John Michael Greer’s grasp of the fascist phenomenon is much stronger than Samir Amin’s. As might be expected from a voice so unambiguously aligned with the Left, Amin is entirely indifferent to the essentially populist nature of fascism and its erosion of property rights.
Property has no meaning apart from free disposal, equivalent to an Exit option on a particular instantiation of wealth. Fascism’s statist subordination of the independent ‘plutocracy’ — realized through more-or-less severe restrictions on the free disposal of assets, both formal and informal — is therefore inconsistent with the protection of private property, which is rather eroded from its foundations. (Where communism expropriates, fascism — more efficiently — attenuates.)
Amin is therefore writing from a position of structurally-unobservant Marxist dogma when he remarks of “fascist regimes” in general:
… they were all willing to manage the government and society in such a way as not to call the fundamental principles of capitalism into question, specifically private capitalist property, including that of modern monopoly capitalism. That is why I call these different forms of fascism particular ways of managing capitalism and not political forms that challenge the latter’s legitimacy, even if “capitalism” or “plutocracies” were subject to long diatribes in the rhetoric of fascist speeches. The lie that hides the true nature of these speeches appears as soon as one examines the “alternative” proposed by these various forms of fascism, which are always silent concerning the main point — private capitalist property.
On the contrary — every fascist regime qualifies the liberal right to free disposal of ‘strategic’ economic assets, and thus subverts “private capitalist property” at the root. Indeed, the forms of property most radically affected by fascist governance are precisely those identifiable with a capitalistic (i.e. productive) character. In the case of large-scale capital assets determined as the ‘commanding heights’ of a modern industrial economy, especially those of clear military significance, utilization is directed as stringently under fascist conditions as communistic ones (although typically with considerably greater administrative competence and pragmatic flexibility). When socialism emphasizes practicality, it tends to adopt fascistic traits — such as nationalism and state-supervised bourgeois management — automatically.
Amin’s essay, however, is far from uninteresting. It’s most striking analysis, which also seems to have been its motivating topic, concerns political Islam. Amin’s disdain for this rising ideology is classically Marxist, and entirely untainted by New Left opportunism. In consequence, he is positioned as a voice in the wilderness, addressing a sympathetic audience that has been marginalized to the edge of disappearance.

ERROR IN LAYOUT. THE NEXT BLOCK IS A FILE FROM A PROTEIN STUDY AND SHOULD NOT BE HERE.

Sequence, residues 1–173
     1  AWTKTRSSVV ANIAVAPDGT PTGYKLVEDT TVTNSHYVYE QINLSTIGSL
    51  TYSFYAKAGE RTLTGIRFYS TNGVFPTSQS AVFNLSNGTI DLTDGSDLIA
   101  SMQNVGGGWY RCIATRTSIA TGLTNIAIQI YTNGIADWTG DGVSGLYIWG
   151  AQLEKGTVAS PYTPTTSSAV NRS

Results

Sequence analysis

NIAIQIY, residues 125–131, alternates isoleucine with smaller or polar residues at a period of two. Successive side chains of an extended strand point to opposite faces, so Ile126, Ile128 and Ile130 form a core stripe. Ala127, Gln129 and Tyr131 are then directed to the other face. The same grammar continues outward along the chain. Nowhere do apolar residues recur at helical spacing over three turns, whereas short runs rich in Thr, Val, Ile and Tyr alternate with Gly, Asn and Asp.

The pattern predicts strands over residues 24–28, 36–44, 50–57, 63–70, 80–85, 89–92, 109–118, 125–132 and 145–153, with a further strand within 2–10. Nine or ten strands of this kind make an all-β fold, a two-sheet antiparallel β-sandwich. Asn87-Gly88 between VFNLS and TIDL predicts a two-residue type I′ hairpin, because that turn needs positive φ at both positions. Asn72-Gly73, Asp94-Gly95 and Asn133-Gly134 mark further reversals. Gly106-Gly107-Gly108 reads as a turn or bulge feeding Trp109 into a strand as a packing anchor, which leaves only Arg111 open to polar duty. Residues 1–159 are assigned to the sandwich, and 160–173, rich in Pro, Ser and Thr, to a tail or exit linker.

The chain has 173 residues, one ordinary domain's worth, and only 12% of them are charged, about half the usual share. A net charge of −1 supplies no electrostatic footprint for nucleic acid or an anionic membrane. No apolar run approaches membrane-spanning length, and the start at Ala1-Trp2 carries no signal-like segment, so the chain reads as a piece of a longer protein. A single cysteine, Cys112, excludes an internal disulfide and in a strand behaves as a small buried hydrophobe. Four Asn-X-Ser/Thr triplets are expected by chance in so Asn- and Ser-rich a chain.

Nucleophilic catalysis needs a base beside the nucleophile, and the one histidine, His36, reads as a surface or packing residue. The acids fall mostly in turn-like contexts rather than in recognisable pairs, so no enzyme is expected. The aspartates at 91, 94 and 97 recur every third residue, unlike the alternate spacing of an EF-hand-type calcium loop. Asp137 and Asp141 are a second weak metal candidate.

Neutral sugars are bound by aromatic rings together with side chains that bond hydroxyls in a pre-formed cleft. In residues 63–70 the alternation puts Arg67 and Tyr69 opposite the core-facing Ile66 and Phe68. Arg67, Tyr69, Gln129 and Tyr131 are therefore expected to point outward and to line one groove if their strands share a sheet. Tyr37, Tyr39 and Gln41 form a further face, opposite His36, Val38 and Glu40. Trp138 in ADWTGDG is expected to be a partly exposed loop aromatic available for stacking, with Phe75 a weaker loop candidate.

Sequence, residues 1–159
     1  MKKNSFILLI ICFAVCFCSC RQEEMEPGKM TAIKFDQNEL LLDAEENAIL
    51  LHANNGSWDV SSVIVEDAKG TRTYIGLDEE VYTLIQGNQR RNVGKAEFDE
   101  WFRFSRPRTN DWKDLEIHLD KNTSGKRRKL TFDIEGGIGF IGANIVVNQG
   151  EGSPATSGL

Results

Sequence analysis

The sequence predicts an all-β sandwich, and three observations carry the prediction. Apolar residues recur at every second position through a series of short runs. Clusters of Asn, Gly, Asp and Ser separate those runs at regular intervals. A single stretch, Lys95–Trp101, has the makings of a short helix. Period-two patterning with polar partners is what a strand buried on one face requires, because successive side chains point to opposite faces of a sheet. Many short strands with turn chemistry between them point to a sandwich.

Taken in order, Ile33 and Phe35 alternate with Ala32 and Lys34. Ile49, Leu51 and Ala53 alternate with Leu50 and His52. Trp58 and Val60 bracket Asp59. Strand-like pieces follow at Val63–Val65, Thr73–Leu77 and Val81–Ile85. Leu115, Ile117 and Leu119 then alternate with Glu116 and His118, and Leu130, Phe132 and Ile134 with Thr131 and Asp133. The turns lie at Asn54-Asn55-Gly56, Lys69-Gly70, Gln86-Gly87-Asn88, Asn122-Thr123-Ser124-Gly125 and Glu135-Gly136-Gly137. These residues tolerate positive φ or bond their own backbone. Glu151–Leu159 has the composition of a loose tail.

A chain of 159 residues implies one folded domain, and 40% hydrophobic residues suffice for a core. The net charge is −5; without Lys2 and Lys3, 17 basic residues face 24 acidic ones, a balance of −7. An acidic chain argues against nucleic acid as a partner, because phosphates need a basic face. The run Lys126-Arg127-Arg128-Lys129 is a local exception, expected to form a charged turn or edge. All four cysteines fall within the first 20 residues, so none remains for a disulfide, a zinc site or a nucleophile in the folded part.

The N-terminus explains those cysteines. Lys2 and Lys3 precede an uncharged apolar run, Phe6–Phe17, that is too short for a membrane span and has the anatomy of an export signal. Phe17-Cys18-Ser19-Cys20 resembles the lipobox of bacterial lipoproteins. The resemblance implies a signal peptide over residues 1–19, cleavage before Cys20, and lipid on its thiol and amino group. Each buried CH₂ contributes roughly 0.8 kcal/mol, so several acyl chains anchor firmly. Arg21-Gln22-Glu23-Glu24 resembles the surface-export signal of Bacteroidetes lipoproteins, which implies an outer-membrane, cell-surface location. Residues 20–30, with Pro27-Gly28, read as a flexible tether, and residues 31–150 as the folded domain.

After formulating a four-fold typology of fascist regimes, Amin resolutely folds Islamism into it, stating:
… the Western powers (the United States and its subaltern European allies) … have given preferential support to the Muslim Brotherhood and/or other “Salafist” organizations of political Islam. The reason for that is simple and obvious: these reactionary political forces accept exercising their power within globalized neoliberalism (and thus abandoning any prospect for social justice and national independence). That is the sole objective pursued by the imperialist powers.
Consequently, political Islam’s program belongs to the type of fascism found in dependent societies. In fact, it shares with all forms of fascism two fundamental characteristics: (1) the absence of a challenge to the essential aspects of the capitalist order (and in this context this amounts to not challenging the model of lumpen development connected to the spread of globalized neoliberal capitalism); and (2) the choice of anti-democratic, police-state forms of political management (such as the prohibition of parties and organizations, and forced Islamization of morals).
The anti-democratic option of the imperialist powers (which gives the lie to the pro-democratic rhetoric found in the flood of propaganda to which we are subjected), then, accepts the possible “excesses” of the Islamic regimes in question. Like other types of fascism and for the same reasons, these excesses are inscribed in the “genes” of their modes of thought: unquestioned submission to leaders, fanatic valorization of adherence to the state religion, and the formation of shock forces used to impose submission. In fact, and this can be seen already, the “Islamist” program makes progress only in the context of a civil war (between, among others, Sunnis and Shias) and results in nothing other than permanent chaos. This type of Islamist power is, then, the guarantee that the societies in question will remain absolutely incapable of asserting themselves on the world scene. It is clear that a declining United States has given up on getting something better — a stable and submissive local government — in favor of this “second best.”
Beyond an appeal for “vigilance”, Amin has little to propose in practical response to this predicament. Given the near-total evaporation of secular-leftist constituencies in the Muslim world, accompanied by the disappearance of a confident anti-Islamist Left outside it, this absence of practical direction is scarcely surprising.